OK, I’ll sum up–visitors who love on your kids are important. When churches send a person to check up on the welfare of the missionaries, make sure they send someone with shepherding gifts (this ccef class http://www.ccef.org/courses/helping-relationships is a wonderful one to boost listening and question-asking skills) AND a woman to minister to the wife/wives. Please! May these folks want to walk through life with you in your daily routine, not wanting to be the tourist. Follow-through after the visit is important, not a business-like check-off list, but a faithful friend who continues to be concerned and to pray for the missionaries’ welfare. (I’ll stop my ramble here! This is a topic close to my heart!)

    • No need to stop :)! Those subjects are near to are hearts are important to share on! (I love the tip “please don’t be a tourist.”)

  • Brazil Nut

    Hi. I’m a long-term missionary working with at-risk youth Brazil (over 20 years so far). Your questions about church visits got me thinking – maybe not the least because I’m so far from my home country that I’ve actually had very few visits over the decades, and none from church leadership.

    As I live and work in a Rio de Janeiro slum, where shootouts sometimes occur and all sorts of things can go wrong, there are some specific safety and security issues here which maybe wouldn’t apply to the majority of missionaries.

    Anyway, here are my answers to most of the questions (sorry that this turned out to be such a long post).

    1. In the months and weeks prior to a visit from your church, what would you hope for communication and expectations to look like? What are your concerns at this phase? What training would you like for your pastor or elder to receive prior to visiting you?

    First off, communication is everything.

    It’s important to settle on dates that will work for both sides and then stay with them (I remember years ago when a member of my church decided to visit while I was away on a ministry trip, and had to go to another ministry instead!).

    Also, logistics can be a major issue, especially in a slum, and it’s important to not bring more people than the missionaries can feed and house (which also happened to me).

    The visitors also need to understand the importance of the specific safety and security issues, whether that’s the rules about where not to take photos because they may be filming gang members or why they can’t wander around alone at night, or the need to swamp oneself in insect repellent while we’re in the middle of a dengue epidemic.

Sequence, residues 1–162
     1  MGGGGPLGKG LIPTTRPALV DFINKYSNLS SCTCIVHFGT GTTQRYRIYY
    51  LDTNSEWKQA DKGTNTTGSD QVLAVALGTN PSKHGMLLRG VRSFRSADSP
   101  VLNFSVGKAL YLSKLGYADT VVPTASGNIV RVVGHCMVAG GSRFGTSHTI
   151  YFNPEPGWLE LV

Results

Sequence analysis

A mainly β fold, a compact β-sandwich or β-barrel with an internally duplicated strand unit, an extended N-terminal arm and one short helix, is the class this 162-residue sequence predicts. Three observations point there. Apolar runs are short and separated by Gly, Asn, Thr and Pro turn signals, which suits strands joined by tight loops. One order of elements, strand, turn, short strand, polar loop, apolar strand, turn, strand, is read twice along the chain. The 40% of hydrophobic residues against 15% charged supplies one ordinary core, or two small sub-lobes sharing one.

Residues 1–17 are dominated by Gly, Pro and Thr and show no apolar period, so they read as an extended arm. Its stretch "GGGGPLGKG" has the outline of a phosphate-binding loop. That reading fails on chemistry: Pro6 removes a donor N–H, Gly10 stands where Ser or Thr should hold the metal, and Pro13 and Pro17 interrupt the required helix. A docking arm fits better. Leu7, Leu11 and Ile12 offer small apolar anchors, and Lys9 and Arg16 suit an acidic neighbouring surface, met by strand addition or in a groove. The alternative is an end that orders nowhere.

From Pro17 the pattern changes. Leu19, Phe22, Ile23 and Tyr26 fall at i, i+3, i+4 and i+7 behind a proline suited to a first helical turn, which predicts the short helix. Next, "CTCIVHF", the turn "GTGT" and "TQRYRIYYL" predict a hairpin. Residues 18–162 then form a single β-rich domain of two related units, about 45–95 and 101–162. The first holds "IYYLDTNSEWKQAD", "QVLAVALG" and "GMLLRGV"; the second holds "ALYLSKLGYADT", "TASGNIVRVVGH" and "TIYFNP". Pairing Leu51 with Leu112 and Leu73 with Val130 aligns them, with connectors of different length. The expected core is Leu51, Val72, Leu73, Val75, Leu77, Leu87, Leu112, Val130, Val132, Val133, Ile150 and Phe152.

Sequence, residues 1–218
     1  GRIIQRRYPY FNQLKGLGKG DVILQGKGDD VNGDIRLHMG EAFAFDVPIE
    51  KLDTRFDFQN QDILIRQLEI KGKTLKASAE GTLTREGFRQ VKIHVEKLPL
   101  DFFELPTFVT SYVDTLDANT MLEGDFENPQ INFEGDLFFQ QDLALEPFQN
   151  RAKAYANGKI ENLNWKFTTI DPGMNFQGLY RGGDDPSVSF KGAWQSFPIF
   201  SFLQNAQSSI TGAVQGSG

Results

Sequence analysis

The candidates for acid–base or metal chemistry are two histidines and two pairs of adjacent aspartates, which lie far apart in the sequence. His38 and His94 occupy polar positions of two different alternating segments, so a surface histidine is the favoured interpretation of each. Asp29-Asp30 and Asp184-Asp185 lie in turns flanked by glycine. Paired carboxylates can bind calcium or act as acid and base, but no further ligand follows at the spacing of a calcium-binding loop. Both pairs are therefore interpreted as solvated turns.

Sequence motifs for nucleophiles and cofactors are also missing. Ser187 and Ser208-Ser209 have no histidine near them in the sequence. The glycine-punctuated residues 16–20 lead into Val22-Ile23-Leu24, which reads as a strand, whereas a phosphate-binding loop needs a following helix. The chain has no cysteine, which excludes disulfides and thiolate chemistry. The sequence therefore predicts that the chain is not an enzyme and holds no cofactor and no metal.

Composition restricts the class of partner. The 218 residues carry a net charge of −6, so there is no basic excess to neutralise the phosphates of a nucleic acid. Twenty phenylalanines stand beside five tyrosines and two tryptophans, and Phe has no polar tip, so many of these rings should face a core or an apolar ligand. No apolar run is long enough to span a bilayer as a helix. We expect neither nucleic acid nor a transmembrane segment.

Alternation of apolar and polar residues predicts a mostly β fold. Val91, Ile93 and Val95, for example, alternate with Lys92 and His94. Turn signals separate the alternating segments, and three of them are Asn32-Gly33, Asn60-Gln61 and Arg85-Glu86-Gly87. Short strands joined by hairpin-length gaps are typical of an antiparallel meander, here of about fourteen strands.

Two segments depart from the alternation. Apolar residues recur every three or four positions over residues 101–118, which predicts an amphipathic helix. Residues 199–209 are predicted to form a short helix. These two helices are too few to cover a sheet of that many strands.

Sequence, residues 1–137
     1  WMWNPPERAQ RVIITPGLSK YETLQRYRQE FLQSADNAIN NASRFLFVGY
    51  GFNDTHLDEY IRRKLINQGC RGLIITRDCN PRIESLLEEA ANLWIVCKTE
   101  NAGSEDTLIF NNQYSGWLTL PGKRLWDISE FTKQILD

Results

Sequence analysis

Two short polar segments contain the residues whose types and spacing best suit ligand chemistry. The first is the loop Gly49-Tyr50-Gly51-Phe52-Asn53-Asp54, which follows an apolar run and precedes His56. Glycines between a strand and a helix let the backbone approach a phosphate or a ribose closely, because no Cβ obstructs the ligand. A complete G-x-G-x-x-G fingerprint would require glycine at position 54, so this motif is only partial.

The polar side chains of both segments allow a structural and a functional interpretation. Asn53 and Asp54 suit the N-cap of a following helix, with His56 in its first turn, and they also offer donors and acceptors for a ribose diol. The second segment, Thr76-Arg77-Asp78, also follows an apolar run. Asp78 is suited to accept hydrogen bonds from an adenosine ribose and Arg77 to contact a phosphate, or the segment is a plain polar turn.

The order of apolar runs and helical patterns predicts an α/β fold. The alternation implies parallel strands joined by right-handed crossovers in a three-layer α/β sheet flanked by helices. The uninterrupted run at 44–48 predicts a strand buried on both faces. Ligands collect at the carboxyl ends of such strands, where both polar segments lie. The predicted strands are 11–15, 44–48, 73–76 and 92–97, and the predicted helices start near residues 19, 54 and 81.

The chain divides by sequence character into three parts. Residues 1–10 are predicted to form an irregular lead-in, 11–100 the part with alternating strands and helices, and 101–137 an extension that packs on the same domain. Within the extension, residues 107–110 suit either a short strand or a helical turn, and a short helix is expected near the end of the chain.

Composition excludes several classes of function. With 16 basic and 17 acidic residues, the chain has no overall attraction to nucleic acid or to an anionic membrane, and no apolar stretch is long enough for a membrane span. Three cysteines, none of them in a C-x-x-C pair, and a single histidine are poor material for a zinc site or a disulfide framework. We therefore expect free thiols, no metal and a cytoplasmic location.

It would also be important for them to understand what equipment they need to bring, and what would just be extra weight (like the team that walked around with desert-survival water bottles, which attracted considerable comments from the locals!). They also need to understand the costs and practicalities of transportation, such as why they shouldn’t hire a luxury tourist bus which is too big for the streets in the slum (true story!) or to expect me to pick them all up at the airport in my car (both due to the expense and the danger of driving in Rio, especially at night).

    I’d also want to encourage them to stay long enough to make the trip worthwhile, as both the best-laid-plans, and any other sort of plan, usually do go awry here in Brazil. Also, I would to try to tactfully see if it would be possible for them to not come with any expectations as to what ministry opportunities they would get while here (although these can usually be arranged, they are often a distraction from the real work of the mission base).

    2. Assuming this will be their one and only visit to you, what would be an encouragement?

    The most important thing that a visitor could do would be to simply “hang out”.

    I don’t know if I’m a very normal missionary (and often suspect that maybe I’m not), but the vast proportion of my activity with the young people here in the slum is unstructured. That doesn’t mean that I don’t do anything all day (although, with so much of my time spent on things that are simple but never straightforward, like shopping, banking, and base maintenance, I’ve often felt that way), but rather that I’ll never how many kids will drop by our base, and just what they’ll end up doing (although I can guarantee that they’ll be hungry and want to eat), or when specific needs or emergencies will arise.